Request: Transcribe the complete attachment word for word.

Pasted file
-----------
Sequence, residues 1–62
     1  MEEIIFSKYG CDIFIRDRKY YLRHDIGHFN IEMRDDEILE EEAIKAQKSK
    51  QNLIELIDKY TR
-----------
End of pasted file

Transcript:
Sequence, residues 1–62
     1  MEEIIFSKYG CDIFIRDRKY YLRHDIGHFN IEMRDDEILE EEAIKAQKSK
    51  QNLIELIDKY TR